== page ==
It is unclear why the City continues to state that it takes a non-position. The City does have a position--it does not consent to the removal. Counsel for all parties in this action are well aware that the consent of all defendants is necessary for removal. Therefore, when the City says it advised it took no position, this rather unnecessarily muddied the waters. The City was actually refusing to join in or consent to removal, and was therefore preventing removal. The City could and should have more clearly conveyed this information to counsel for Union Pacific.

The failure to obtain the unanimous consent of the defendants "presents a procedural defect fatal to removal." Ballard v. Dist. of Columbia, 813 F.Supp.2d 34, 39 (D.D.C. 2011) citing Loftis v. United Parcel Serv., 342 F.3d 509, 516 (6th Cir. 2003)("Failure to obtain unanimous consent forecloses the opportunity for removal under Section 1446."). The Ballard court further stated that consent must be timely, unanimous, and unambiguous. Id. at 38; see also Unicom Systems v. National Louis University, 262 F.Supp.2d 638, 640-41 (E.D. Va. 2003)(stating that the "well-established rule of unanimity does not require that each defendant sign the same removal notice. Instead, all that is required is that each defendant file a notice of removal, either independently or by unambiguously joining in or consenting to another defendant's notice."). Here, the City has not filed anything indicating that it joins in or consents to removal. The City's consent is not unambiguous. In fact, the City has filed a statement that it does not join in or consent, and further states it has filed an Answer in State court.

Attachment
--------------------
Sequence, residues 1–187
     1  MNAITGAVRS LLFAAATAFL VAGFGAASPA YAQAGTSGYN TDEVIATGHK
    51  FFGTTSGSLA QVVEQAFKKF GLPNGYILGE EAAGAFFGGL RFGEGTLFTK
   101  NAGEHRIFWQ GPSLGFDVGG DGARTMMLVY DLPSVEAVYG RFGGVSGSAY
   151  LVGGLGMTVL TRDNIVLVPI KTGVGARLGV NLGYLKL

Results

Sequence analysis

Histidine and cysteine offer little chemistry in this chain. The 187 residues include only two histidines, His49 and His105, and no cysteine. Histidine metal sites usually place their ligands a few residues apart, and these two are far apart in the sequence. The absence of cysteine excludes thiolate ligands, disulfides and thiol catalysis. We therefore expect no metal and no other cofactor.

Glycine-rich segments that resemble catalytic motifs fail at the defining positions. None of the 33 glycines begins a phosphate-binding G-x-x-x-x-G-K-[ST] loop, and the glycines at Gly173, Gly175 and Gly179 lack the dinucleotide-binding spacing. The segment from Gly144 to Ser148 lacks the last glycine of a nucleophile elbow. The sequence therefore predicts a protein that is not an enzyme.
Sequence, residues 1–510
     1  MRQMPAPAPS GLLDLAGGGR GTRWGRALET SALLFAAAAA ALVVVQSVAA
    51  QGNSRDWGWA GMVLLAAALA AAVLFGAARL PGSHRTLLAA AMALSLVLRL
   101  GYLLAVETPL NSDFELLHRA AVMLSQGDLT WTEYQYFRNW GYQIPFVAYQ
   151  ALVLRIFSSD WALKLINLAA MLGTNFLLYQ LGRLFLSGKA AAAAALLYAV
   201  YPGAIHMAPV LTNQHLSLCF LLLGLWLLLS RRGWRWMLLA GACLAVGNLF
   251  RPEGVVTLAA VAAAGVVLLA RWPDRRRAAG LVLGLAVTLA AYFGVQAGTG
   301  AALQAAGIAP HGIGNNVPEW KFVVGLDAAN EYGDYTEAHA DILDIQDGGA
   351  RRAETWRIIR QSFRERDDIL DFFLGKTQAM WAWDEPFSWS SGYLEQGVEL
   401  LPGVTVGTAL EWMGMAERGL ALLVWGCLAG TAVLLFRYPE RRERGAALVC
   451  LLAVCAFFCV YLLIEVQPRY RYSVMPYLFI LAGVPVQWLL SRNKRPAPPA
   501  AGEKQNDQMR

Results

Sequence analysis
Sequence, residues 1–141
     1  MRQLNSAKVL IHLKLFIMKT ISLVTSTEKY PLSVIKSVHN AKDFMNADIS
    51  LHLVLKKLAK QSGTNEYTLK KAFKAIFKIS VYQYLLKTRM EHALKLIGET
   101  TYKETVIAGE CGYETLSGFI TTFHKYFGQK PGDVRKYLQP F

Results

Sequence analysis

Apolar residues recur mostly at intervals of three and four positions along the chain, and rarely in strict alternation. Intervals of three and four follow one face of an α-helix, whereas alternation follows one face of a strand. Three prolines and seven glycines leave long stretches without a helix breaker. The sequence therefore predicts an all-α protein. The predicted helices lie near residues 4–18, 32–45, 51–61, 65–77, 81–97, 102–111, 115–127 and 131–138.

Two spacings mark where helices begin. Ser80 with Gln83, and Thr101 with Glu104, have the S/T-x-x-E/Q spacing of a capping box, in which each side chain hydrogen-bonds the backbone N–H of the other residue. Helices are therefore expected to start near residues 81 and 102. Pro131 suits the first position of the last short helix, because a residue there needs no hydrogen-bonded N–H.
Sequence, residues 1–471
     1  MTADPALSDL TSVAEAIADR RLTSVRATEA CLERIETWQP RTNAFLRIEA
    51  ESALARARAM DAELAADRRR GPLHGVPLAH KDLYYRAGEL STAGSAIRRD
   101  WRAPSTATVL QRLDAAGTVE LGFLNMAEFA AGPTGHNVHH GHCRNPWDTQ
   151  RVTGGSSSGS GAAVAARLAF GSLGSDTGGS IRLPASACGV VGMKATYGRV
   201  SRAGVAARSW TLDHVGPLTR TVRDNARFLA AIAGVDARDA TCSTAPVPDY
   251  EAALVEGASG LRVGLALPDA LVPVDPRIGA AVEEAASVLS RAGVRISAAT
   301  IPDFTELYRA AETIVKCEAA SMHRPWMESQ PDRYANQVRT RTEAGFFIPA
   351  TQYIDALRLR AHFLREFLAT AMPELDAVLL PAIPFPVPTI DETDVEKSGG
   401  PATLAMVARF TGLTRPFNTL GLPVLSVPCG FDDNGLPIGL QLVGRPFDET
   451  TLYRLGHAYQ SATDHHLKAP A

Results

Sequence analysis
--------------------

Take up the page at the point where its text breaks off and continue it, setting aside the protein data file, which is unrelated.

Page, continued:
The unanimous consent of all of the Defendants is lacking, which requires remand to state court.

B. Timeliness of Removal

28 U.S.C. Section 1446(b)(1) and (b)(3) provide that, "[t]he notice of removal of a civil action or proceeding shall be filed within 30 days after the receipt by the defendant," of the initial pleading or "amended pleading, motion, order or other paper from which it may first be ascertained that the case is one which is or has become removable." The Notice of Removal states that Defendants were served with the initial Complaint on February 17, 2012. Defendants received the Amended Complaint on February 29, 2012, and contend that this is the pleading from which they could first ascertain the case was removable as presenting a claim arising under federal law. (ECF No. 1, p. 2). Defendants did not file the Notice of Removal until May 7, 2012, or 68 days after they received the Amended Complaint. Defendants state that they attempted to timely file the Notice on March 19, 2012, but that it was rejected by the Clerk of the United States District for the Central District of California.